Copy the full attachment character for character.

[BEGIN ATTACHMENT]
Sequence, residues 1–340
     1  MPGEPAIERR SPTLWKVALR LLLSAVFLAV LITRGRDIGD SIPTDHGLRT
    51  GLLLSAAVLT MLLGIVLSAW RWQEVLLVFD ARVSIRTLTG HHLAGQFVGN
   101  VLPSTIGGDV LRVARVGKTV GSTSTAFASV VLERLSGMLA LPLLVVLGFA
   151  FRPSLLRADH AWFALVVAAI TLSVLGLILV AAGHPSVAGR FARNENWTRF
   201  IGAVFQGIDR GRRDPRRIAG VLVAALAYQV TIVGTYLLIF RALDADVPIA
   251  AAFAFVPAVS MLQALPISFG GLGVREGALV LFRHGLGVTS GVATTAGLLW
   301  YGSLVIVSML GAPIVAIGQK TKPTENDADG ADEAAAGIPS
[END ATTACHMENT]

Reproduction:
Sequence, residues 1–340
     1  MPGEPAIERR SPTLWKVALR LLLSAVFLAV LITRGRDIGD SIPTDHGLRT
    51  GLLLSAAVLT MLLGIVLSAW RWQEVLLVFD ARVSIRTLTG HHLAGQFVGN
   101  VLPSTIGGDV LRVARVGKTV GSTSTAFASV VLERLSGMLA LPLLVVLGFA
   151  FRPSLLRADH AWFALVVAAI TLSVLGLILV AAGHPSVAGR FARNENWTRF
   201  IGAVFQGIDR GRRDPRRIAG VLVAALAYQV TIVGTYLLIF RALDADVPIA
   251  AAFAFVPAVS MLQALPISFG GLGVREGALV LFRHGLGVTS GVATTAGLLW
   301  YGSLVIVSML GAPIVAIGQK TKPTENDADG ADEAAAGIPS